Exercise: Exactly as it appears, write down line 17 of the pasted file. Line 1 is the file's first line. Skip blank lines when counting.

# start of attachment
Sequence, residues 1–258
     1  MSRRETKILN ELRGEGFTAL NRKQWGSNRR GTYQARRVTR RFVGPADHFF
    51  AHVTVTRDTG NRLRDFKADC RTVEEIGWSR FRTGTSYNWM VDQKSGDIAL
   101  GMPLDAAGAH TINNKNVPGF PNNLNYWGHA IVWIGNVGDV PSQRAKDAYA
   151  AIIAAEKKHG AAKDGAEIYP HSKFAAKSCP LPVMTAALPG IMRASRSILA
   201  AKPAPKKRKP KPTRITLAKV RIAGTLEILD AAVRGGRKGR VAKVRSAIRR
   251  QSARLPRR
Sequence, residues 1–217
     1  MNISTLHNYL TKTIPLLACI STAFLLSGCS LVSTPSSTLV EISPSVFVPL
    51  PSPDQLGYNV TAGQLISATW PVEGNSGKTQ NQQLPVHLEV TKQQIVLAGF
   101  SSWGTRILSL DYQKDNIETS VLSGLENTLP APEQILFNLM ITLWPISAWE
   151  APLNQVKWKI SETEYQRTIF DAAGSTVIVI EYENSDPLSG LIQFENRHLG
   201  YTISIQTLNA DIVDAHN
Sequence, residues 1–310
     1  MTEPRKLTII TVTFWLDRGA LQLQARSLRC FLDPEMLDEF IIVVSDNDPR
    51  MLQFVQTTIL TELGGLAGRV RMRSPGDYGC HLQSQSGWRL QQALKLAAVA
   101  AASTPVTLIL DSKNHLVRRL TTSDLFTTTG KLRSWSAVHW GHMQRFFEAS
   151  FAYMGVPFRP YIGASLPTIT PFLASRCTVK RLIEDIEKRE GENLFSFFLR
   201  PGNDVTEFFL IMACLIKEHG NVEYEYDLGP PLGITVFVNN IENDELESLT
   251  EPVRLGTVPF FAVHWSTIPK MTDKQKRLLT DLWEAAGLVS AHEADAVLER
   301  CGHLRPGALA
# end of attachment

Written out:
   101  AASTPVTLIL DSKNHLVRRL TTSDLFTTTG KLRSWSAVHW GHMQRFFEAS